This building block is very similar to the 5-player building block with 2 players. Players without the ball can start in a position one pass away. Coaches can also have them start more than one pass away. In this situation, players fill up to the open spot in order to learn the Read Line action. In either arrangement, a dummy defender steps over the Read Line. Players without the ball must react quickly to the dummy defender with a hard cut to the basket. Passers must learn to make the pass as early as possible and work on fitting passes into tight spaces or making the pass late when the defender has relaxed.
Defenders can be live in this building block as well. This may only be applicable to teams with defensive philosophies that have off ball defenders close to the line of the ball. This is a good start to teaching players how to defend the back door cut. For teams who play off the line of the ball significantly, this may serve no purpose as a defensive building block.
3 offensive players 1 defender 1 action
This is very similar to the previous building block except there is now a player to fill the empty spot. The dummy defender can stay in position and step over the Read Line for each new receiver as they fill.
3 offensive players 2 defenders 1 action
It’s important for the offensive players to cut when the ball handler “sees” them. Receivers could make a great back door cut, but if the ball handler doesn’t see them it doesn’t matter. Place the defenders on the players off the ball. The defenders can be over the Read Line or not. The ball handler looks each way. If the defender is over the Read Line, the player cuts backdoor. If not, they stay.
A building block of any more than 3 offensive players is probably not worth very much until other actions are combined with it. For teams that play on the line of the ball defensively, this will fit right into what they do defensively. These teams should force their teammates into a steady stream of backdoor cuts by players one pass away. For teams that play off the line, coaches may want to have a manager or coach step in as defenders. It may be difficult for them to learn this habit if they don’t play this type of defense on a regular basis.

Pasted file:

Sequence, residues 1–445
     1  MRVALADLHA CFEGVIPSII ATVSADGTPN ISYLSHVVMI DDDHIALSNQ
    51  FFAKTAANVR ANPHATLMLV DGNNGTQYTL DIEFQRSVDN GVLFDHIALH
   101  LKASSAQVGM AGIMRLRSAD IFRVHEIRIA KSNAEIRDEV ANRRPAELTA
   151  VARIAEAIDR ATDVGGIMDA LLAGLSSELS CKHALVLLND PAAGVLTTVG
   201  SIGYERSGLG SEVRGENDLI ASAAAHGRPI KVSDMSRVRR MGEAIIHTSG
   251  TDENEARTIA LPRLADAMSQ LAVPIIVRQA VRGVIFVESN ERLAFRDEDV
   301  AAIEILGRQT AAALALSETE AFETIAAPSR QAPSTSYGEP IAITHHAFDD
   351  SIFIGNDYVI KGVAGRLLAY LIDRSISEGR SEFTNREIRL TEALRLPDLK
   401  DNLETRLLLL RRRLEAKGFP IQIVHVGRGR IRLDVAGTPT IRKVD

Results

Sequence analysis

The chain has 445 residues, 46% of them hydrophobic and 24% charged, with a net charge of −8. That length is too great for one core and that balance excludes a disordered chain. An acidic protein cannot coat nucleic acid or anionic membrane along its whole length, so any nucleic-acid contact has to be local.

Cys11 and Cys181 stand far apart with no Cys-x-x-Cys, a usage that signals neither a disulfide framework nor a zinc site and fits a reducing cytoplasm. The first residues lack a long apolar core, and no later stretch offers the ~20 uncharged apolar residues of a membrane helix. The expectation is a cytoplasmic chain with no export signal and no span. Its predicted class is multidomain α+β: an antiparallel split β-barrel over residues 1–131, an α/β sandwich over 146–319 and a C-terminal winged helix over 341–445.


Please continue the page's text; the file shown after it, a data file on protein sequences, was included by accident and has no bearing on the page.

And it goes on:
Remember the Dribble-At? Let’s say the player one pass away should be making a Read Line cut. Maybe they don’t see the defender. Maybe they forgot. Maybe they never knew to start with. Well if the person with the ball recognizes this situation, they can Dribble-At this player and send them back door.
There’s another situation that may you may consider a “Read Line situation.” This one is up to you.
Maybe the defender isn’t over the Read Line, but the ball handler still doesn’t feel comfortable making the pass. Maybe they are in a position to to steal the pass without being over the Read Line. Maybe the ball handler just doesn’t want to pass to that player right now. As opposed to that player standing still, they can cut to the basket. So the rule can be stated like this. If the ball handler recognizes you as a receiver who is 1 pass away but does not pass you the ball, cut to the basket just as if your defender is over the Read Line.
An Important Detail:
Keep in mind, we only use the Read Line for players who are 1 pass away. We don’t want to help the defense get in better position. A player who is more than 1 pass away and who is over the Read Line is in pretty poor defensive position. We want to keep that defensive player player there. While I’m sure this offensive player could get open for a layup, if everyone follows the Read Line rule at the same time, they could all end up at the basket at the same time. Now no one is open. Limiting this rule to only the players who are 1 pass away is important to giving cutters who cut to the basket a chance at being open.